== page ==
Above: Petrotrin’s refinery, East Area FCCU in 2004. Photo by Mark Lyndersay.
BitDepth#1163 for September 20, 2018
Between November 2003 and October 2005, I accepted a contractual communications role in the Corporate Communications Department at Petrotrin.
It was the best of times. It was the worst of times.
Petrotrin was in the midst of one of its cycles of great wealth, which happened when the price of oil was at a peak and the refinery played to its strengths.
The first thing I discovered that year was about the annual bonus. I found out about it when someone asked me what I was going to do with mine.
I was puzzled. I had just arrived there.
“But you showed up for work, right?” came the reply.
So I got a pro-rated cut of that year’s handsome bonus, paid equally to all employees as negotiated by the union and calculated based on the profitability of the refinery’s operations.
I was not core business, something the men spinning oil-slicked heavy metal would never hesitate to remind “office people” of, but I got to see a lot of it, and to read the stories that were offered up about the company’s operations.
This is what I found there.
Petrotrin has always had serious structural problems, running all the way back to 1985, when Texaco decided that the refinery had run its course and left T&T.
“We didn’t want to take over Texaco,” the late Ronald Williams, State Enterprise Minister told the New York Times, “we had no choice.”
That decision rested on two intractables, the cost of importing petroleum consumables and the jobs of 3,000 employees. The purchase cost the country US$189 million, half of which was paid in product.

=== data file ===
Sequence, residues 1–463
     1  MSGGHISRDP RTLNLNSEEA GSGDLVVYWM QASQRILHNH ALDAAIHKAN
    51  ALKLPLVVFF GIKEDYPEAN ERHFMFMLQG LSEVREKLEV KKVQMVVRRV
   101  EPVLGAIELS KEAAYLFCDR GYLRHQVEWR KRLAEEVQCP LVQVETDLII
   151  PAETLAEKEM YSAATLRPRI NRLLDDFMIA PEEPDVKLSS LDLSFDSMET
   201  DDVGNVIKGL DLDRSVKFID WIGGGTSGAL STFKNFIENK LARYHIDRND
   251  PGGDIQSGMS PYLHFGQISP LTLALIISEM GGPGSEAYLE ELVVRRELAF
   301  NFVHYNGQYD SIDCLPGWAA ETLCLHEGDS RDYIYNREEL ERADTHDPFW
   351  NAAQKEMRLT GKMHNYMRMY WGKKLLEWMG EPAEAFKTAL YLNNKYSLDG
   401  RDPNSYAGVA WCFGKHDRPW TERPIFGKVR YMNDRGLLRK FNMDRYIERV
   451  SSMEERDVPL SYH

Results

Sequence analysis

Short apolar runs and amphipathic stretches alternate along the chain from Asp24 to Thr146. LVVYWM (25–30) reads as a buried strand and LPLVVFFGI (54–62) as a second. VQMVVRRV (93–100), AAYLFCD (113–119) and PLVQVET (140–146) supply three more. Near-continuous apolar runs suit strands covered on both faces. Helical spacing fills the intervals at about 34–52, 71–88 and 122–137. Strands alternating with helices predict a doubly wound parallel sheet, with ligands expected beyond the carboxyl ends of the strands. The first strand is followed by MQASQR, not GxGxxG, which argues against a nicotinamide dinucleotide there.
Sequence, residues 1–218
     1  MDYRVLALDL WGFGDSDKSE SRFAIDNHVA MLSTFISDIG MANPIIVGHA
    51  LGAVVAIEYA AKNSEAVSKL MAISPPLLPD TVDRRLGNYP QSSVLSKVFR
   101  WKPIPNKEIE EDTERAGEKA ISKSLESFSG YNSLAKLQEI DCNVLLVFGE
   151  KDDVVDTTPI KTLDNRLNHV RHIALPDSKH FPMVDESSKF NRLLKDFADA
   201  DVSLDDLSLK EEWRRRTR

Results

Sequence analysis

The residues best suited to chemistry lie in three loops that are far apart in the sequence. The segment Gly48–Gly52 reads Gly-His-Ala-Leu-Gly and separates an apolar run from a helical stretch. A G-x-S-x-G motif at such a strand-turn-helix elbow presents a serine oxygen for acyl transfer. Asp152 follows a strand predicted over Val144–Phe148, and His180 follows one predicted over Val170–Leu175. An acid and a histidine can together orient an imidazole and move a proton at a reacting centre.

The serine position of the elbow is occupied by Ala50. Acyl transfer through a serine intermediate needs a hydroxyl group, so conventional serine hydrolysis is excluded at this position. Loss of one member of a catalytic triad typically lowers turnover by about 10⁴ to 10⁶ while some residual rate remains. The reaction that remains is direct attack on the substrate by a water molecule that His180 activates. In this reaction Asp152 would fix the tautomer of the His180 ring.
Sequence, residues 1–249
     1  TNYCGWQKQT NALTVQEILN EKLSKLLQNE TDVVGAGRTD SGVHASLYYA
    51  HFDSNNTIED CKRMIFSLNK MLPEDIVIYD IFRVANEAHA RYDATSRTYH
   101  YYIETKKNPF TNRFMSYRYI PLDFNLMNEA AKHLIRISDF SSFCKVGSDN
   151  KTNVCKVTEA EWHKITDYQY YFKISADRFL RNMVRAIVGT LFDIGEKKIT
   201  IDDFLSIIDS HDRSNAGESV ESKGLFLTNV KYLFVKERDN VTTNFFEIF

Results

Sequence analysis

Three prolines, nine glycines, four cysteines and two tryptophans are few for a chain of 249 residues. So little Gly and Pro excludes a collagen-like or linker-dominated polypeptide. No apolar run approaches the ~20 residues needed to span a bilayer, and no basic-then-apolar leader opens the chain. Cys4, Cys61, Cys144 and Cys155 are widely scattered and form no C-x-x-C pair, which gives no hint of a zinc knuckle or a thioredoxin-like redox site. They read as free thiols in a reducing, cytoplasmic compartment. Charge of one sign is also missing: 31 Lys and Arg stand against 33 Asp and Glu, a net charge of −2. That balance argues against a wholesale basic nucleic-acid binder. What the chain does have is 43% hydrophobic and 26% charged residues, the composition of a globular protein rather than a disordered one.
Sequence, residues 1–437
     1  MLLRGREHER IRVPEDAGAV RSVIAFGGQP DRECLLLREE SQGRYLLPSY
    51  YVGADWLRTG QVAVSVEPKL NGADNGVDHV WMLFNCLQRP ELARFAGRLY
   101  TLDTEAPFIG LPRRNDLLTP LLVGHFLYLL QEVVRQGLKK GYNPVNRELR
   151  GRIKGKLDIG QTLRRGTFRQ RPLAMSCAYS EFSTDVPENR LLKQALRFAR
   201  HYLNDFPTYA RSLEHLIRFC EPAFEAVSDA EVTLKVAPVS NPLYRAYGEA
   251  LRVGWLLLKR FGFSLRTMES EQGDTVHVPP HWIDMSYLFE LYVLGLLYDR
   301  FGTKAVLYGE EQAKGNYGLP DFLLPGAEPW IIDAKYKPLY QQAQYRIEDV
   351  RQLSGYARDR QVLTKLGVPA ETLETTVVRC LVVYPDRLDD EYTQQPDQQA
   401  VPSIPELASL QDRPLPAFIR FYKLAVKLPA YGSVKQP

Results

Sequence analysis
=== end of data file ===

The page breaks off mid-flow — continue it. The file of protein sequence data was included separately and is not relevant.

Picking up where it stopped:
Thirty-three years later, only one of those challenges is left, but the past three decades have made created a refinery entity that’s far more than the thousands who are directly employed by the company.
Petrotrin is now a vast web of connections spread out all over south Trinidad. Everywhere its ancient, leaky lines run, there is a fenceline community that has been drawn into its sphere of influence.
The company may be sending 3,500 employees home (at last count), but the repercussions of that decision will echo more widely and deeply than anyone can imagine.
Working there, I met people across the spectrum of their operations, which are massive.
To a person, they all worked with the absolute certainty that their best efforts were directed at raising the efficiency of an installation ranked in the bottom 25 percent of refineries worldwide.
These were smart qualified people doing their best work in the service of their job as they understood it.
I have no doubt that many of the people who will be made jobless when the company is closed have been doing exactly that.
But all work has context and in many departments at Petrotrin fourteen years ago, there was a powerful disconnect between what managers claimed to be be doing and what was actually getting done.
One day, surprised at how consistently late correspondence was reaching my desk, I did a little test. In professional management, it’s called the mailroom test and it’s a quick measure of the real efficiencies of an organisation.